The Two Pillars of Recovery® Presentations
I often present the metaphor of the two pillars of recovery to patients during their treatment for addiction—in both group and individual sessions—as a tool to help them understand and remember the actions that are essential to maintain sobriety. My teaching aids with patients are usually just a whiteboard and the nearest piece of furniture with two sets of legs.
Thinking in terms of the two pillars of recovery also helps hospital staff and other healthcare professionals who treat addiction to understand what their patients are up against and what those patients must learn and do in order to succeed. So I also regularly give talks to professionals. My teaching aids with professionals usually expand to include PowerPoint.
You may review the PowerPoint presentations from three recent talks by clicking on the links below.
- Like gravity, addiction never takes time off
- Addictive substances alter the instinctual part of the brain
- What you think may not matter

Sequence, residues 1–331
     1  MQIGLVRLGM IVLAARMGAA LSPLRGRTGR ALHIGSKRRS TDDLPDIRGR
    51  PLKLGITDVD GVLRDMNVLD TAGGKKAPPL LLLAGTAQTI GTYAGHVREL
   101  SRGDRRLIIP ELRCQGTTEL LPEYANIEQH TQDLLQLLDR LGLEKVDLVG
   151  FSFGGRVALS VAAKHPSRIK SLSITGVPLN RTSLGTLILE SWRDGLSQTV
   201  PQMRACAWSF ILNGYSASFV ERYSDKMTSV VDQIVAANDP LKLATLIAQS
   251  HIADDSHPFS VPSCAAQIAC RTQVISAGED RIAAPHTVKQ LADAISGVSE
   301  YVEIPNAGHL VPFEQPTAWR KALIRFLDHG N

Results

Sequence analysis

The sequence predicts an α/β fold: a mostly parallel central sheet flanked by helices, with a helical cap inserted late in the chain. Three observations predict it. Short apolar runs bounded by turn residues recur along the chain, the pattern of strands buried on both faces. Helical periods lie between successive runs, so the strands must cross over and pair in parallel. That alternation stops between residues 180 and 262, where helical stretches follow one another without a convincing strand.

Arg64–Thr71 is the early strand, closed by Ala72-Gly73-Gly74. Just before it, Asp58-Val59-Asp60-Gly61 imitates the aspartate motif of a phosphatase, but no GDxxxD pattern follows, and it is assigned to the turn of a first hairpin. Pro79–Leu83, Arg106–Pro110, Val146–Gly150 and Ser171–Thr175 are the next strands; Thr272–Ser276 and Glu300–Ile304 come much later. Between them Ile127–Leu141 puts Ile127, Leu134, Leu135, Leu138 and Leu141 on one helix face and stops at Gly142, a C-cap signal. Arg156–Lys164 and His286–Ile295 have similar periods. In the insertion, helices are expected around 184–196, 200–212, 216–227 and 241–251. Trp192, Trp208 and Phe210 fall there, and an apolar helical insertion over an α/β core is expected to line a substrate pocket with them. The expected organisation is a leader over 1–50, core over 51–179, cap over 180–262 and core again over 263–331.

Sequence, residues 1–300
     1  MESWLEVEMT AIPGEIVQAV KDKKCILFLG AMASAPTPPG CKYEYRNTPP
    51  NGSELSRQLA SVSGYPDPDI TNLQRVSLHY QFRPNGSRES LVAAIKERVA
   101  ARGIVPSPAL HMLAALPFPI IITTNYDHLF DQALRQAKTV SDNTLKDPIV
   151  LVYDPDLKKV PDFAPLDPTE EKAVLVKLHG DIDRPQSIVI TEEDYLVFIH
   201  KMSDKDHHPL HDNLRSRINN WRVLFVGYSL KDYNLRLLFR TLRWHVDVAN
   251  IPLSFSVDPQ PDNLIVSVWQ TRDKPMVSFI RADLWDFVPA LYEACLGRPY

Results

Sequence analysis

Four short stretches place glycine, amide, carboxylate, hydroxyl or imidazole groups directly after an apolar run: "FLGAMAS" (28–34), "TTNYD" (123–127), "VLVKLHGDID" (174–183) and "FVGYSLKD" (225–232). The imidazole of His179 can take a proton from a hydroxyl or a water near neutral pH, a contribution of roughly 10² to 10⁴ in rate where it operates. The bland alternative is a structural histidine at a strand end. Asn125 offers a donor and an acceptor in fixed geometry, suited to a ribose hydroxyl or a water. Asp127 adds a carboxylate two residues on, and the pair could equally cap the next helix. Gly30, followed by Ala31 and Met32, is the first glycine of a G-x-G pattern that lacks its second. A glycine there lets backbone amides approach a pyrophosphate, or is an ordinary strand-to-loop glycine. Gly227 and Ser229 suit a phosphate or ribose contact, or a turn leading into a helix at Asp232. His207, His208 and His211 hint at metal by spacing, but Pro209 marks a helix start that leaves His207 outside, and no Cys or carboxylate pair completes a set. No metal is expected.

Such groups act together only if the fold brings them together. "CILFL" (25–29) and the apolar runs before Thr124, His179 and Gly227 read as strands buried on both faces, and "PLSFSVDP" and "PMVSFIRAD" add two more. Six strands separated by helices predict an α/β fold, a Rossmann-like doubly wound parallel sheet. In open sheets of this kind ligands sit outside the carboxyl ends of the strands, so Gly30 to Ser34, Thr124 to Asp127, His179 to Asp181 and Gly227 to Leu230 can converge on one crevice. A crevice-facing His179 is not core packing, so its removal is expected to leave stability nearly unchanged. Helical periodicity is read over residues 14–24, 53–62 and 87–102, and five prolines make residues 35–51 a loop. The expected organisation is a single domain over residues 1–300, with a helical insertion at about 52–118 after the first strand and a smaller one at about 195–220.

- Where you are and who you are with may matter very much
- Because you can’t trust yourself, Keep Your Distance!
- Because you can’t recover alone, Ask for Help!
Promoting Patient Responsibility
- Take responsibility or take nature’s consequences
- Honesty is more important than image
- Respecting autonomy and exploring consequences helps patients change
Each of these talks has similar learning objectives. After participating, I expect all present to be able to:
- Explain how addiction and recovery are subject to the laws of nature (cause and effect)
- Give an example of how lower centers of the nervous system can, and routinely do, act independently of higher centers of the central nervous system
- Describe in general terms how repeated use of addictive substances changes peoples’ brains and behavior so that they can no longer trust themselves to be around the substances
- Describe in general terms why humans need to cultivate positive interpersonal relationships with other humans to enhance resilience and become better able to adapt to the requirements of addiction recovery.